Action and reaction to Aransas County’s intention to issue “up to” $24.5 million in certificates of obligation, to cover the gap in funding for the new courthouse that will replace the one Hurricane Harvey destroyed, as well as some unrelated expenditures, has occurred as fast or faster than decisions now being made about the upcoming college football season.

The biggest difference, between the decision about this fall’s football games and the courthouse, is the decision made for one (football season) will impact those who love college football for at most one year. The decision made regarding the courthouse will affect most of us (anyone 30 or older) for the rest of our lives.

There are many stories in this edition from Monday’s County commissioners’ meeting. Unfortunately, more people will probably be reading the stories in this issue, compared to the number who have read all stories - especially those related to the history of the Downtown Anchor Project - since Harvey landed on our shores.

As I was writing the story about the bond issue, I reviewed the 8+ pages of stories I’ve written specifically about the courthouse and/or Downtown Anchor Project (DAP).

I ran across a story published in the Feb. 24, 2018 edition of this newspaper. It was about the demolition of the old courthouse, which began in earnest Thursday, Feb. 22, 2018.

Here is part of that Feb. 24, 2008 story:

“The now ‘old’ courthouse (which served the county 61 years), a ‘motel style’ one-story brick, concrete, and steel building was opened in 1956. An addition was added in 1983.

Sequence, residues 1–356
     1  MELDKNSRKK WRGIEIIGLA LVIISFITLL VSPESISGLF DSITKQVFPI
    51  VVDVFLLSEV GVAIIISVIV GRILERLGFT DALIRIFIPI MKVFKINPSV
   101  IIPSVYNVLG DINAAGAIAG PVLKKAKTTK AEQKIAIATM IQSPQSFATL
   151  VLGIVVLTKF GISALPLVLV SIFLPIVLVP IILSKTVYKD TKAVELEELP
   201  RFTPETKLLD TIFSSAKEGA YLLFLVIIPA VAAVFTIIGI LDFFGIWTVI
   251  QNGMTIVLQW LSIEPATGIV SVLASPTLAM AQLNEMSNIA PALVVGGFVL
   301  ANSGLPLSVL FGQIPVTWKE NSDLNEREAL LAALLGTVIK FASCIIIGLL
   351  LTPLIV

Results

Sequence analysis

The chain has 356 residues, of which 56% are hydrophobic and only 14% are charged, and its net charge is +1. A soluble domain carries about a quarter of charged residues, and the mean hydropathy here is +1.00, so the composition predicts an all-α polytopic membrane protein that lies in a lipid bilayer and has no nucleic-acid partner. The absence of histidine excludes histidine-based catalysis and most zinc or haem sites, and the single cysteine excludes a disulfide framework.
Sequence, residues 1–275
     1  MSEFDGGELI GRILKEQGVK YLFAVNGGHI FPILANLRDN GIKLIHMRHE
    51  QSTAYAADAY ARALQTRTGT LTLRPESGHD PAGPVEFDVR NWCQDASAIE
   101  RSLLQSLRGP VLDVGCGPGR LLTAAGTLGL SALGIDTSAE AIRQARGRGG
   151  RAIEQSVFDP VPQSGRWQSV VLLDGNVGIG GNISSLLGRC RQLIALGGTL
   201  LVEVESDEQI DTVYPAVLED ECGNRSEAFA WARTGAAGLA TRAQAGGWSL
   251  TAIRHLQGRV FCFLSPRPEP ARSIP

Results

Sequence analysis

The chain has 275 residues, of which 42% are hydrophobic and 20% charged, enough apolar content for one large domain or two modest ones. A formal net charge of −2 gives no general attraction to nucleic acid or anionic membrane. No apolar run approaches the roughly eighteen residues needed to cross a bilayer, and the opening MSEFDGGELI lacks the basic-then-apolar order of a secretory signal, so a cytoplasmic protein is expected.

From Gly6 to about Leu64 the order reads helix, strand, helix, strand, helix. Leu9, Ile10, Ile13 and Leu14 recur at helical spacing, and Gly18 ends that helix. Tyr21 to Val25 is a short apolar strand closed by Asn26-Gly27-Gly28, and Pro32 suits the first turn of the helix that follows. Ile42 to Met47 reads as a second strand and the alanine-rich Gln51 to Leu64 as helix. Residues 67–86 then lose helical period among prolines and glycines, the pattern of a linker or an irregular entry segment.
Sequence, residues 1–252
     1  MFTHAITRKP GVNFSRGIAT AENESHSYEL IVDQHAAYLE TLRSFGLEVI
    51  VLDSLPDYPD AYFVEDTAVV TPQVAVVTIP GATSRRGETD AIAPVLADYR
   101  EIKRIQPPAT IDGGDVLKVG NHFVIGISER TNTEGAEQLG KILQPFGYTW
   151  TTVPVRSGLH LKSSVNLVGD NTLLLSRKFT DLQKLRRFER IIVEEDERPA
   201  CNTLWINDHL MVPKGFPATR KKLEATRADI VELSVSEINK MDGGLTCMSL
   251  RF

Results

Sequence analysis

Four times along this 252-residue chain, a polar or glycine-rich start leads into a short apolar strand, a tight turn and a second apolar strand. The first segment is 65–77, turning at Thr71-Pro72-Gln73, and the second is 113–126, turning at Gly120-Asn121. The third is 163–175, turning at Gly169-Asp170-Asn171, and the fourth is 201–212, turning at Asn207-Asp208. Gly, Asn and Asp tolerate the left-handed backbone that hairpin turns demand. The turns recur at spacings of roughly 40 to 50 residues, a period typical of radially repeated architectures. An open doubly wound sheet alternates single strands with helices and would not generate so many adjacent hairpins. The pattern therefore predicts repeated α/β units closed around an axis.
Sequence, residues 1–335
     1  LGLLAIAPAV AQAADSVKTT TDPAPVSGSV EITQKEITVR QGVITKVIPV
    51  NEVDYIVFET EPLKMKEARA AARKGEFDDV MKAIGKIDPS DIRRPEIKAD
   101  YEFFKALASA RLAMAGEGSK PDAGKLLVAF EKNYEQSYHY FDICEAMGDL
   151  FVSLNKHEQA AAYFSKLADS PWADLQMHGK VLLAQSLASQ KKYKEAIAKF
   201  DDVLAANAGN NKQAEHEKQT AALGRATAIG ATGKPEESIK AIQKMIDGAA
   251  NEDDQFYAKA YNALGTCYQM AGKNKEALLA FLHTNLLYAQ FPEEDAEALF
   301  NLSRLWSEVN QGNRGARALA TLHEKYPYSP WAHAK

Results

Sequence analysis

“It replaced an imposing three-story Moorish-inspired courthouse with multiple arched windows and teardrop dome, which provided its strong character. It cost less than $20,000 to build when it was constructed in 1889, and was the heart for Aransas County government until 1956 (67 years).

“Aransas County Judge C.H. ‘Burt’ Mills manned the machinery to knock down the first piece of the courthouse early Thursday morning.

“‘It’s exciting and exhilarating to be on that big machine, but sad at the same time because of the history of this building,’ said Mills. ‘It has served us well for many years.’

“The judge noted the late John D. Wendell, who served many years as county judge, as well as Mills’ grandfather, were both on the commissioners’ court when the courthouse being demolished was built.

“‘It has a soft spot in a lot of peoples’ hearts,’ said Mills.

“He continued, ‘The storm damaged (the courthouse) and it needs to come down and we need to replace it with something new, built to today’s standards.’

“The county has purchased the property surrounding the courthouse, knowing it would need to replace the courthouse in the future. Harvey has sped up that process.

“Mills said the insurance company wants the county to do something within three years.”

Now, the part that hit me was at the end of the story. I featured it as a “pull quote” in that edition. I imagine, in the back of my mind, I did that to make sure what the judge said would ring true at a later date.

I quoted Judge Mills in the third from the last paragraph:

“We’ll go out for RFQs as soon as we find out how we’re going to pay for it,” said Mills. “I’m not going to ask to raise taxes to pay for it.”

Well judge. You didn’t lie!

Those who didn’t read that story, now know he kept his word.

Now that voters will most likely be making the decision regarding our centerpiece courthouse, lets pray we approve one we can ALL be proud of, if not immediately, than tomorrow, and for many years to come.

The spinoff benefits derived from the DAP are more than any of us can imagine at this time … and your taxes won’t be raised to pay for the debt issued.

It’s a unique opportunity for all of us to make a decision that will impact, in a positive way, future generations.

What we build today - at today’s cost, using historically low interest rates, and with the aid of the insurance settlement and FEMA funds - will be impossible to match anytime in the future.

Until next week, have a good week, and keep thinking long-term.

Mike Probst can be reached at publisher@rockportpilot.com.

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